The US national rate of obesity has doubled since 1990, so that in 2004, nearly one-quarter of Americans (23.1 percent) were classified as obese. Medical studies have established clear links from obesity to a variety of medical conditions, including type 2 diabetes, high blood pressure, cardiovascular disease, and others. Obesity is also costly: the increasing prevalence of obesity and costs of treating obesity-related diseases has helped to fuel the recent rise in medical spending. By one estimate, 27% of the cost increase from 1987 to 2001 was due to obesity.

The latest studies estimate that obesity alone costs the US around $75 billion annually, while while the added costs of treating conditions brought on by simply being overweight bring that share up to 9.1% of total US medical expenditures. On a regional level, obesity alone costs the Northwest over $2.3 billion dollars a year. That’s around 0.5% of our gross state product (see table below).

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  • 1990
    Obesity Rate
    Obesity Rate
    Annual medical spending on obesity
    2003 dollars (% of all med. spending)
    US 11.6% 23.1% $75,000 million (5.3%)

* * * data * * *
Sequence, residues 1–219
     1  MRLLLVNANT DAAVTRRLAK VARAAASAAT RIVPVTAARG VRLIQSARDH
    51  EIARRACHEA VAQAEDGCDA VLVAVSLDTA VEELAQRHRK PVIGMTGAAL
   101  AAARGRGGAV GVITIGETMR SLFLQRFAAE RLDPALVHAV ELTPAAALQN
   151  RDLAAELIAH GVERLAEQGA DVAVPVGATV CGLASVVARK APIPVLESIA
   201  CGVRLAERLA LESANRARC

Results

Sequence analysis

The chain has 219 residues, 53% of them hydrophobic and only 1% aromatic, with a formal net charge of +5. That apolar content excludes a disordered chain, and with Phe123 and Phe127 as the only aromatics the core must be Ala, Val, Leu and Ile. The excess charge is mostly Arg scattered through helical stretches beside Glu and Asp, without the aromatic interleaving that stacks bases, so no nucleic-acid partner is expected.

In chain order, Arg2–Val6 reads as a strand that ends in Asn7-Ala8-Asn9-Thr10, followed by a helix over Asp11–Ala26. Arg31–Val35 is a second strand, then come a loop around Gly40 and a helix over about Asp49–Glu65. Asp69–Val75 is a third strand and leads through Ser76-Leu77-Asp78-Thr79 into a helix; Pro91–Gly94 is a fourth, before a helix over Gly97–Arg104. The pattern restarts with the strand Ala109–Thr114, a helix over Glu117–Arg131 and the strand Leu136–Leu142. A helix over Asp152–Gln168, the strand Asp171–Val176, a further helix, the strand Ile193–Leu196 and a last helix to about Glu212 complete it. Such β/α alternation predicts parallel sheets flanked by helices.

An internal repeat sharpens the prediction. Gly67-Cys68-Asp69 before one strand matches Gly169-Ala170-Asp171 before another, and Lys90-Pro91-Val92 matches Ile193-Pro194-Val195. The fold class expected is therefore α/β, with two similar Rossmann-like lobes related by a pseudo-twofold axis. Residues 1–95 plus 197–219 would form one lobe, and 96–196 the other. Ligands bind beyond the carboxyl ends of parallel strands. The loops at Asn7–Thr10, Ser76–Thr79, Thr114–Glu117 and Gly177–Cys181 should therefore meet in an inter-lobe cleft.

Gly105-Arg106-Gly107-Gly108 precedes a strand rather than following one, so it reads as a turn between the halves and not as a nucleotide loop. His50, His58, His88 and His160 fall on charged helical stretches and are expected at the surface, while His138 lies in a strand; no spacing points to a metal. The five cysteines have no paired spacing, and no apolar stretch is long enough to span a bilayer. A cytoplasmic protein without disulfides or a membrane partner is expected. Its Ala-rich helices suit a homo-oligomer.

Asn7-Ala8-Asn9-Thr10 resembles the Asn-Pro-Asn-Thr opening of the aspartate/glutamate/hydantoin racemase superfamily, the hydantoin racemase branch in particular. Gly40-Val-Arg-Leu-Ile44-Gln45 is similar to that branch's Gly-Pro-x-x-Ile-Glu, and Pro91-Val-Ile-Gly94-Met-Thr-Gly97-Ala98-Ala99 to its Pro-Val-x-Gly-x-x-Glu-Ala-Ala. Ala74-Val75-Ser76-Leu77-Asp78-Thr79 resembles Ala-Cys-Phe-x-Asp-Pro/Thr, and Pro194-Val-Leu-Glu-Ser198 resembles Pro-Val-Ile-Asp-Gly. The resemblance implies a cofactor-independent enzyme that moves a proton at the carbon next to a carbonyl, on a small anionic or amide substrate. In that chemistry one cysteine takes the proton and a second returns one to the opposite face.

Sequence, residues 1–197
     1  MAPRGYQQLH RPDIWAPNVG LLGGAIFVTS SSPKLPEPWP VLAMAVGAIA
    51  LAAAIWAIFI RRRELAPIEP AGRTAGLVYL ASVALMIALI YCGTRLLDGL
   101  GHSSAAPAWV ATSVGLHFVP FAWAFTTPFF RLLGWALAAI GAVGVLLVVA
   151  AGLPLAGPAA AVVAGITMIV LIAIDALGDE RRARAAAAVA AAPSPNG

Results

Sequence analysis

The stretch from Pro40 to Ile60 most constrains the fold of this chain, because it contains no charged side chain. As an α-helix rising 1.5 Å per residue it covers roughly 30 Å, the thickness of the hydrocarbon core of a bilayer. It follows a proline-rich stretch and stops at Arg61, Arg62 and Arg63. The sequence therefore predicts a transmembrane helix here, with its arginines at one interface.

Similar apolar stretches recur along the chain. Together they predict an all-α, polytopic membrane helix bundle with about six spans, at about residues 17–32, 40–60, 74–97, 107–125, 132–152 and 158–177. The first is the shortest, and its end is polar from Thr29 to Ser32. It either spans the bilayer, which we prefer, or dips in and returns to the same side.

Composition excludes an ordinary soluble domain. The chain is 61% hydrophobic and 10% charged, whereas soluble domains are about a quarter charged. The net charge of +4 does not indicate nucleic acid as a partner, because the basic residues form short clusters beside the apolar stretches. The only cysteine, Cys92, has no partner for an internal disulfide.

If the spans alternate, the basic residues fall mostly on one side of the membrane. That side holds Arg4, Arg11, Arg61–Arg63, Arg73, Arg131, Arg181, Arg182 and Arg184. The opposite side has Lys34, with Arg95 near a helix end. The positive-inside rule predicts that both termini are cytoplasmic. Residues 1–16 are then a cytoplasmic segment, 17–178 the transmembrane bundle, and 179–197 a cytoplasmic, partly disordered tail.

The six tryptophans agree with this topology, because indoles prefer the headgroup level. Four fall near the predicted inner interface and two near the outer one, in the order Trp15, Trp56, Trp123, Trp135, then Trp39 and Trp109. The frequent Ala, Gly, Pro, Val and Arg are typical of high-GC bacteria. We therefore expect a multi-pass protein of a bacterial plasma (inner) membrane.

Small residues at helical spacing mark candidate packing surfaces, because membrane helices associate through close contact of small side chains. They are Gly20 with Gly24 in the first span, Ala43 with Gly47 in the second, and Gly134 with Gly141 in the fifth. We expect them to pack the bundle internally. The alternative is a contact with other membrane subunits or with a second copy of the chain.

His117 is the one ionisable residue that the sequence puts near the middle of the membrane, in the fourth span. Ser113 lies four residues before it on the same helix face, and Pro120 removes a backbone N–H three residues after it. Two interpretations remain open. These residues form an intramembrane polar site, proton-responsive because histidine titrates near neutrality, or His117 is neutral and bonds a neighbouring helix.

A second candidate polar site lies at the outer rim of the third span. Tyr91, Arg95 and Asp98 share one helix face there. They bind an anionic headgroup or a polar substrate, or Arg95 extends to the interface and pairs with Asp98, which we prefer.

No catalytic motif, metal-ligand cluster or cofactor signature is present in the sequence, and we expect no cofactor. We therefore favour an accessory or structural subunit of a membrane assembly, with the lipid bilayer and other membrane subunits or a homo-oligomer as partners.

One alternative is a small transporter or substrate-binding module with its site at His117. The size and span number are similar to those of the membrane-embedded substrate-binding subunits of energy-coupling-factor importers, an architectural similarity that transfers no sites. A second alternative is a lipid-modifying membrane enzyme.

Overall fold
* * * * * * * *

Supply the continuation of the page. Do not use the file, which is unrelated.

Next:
WA 9.4% 22.1% $1330 million (5.4%)
    OR 10.9% 21.2% $781 million (5.7%)
    ID 11.9% 20.8% $227 million (5.3%)

    On an individual level, obesity increases annual medical spending per person by 37.4%, or around $730 a year. And overweight increases spending per person by 14.5%, or $247 per year.

    The medical cost of obesity is a meaningful drain on our economy, and the costs listed here are only the direct medical expenditures. Not included are the indirect costs of lost productivity, lower quality of life, or years of life lost due to obesity-related illnesses.

    While obesity is caused by many factors, studiesindicate that the built environment is one influence. Sprawling neighborhoods designed for driving everywhere—with few sidewalks, nearby desirable destinations, or a direct route to destinations—can discourage residents from walking or bicycling. One way to fight obesity (while improving our quality of life) could be to redesign the places we live.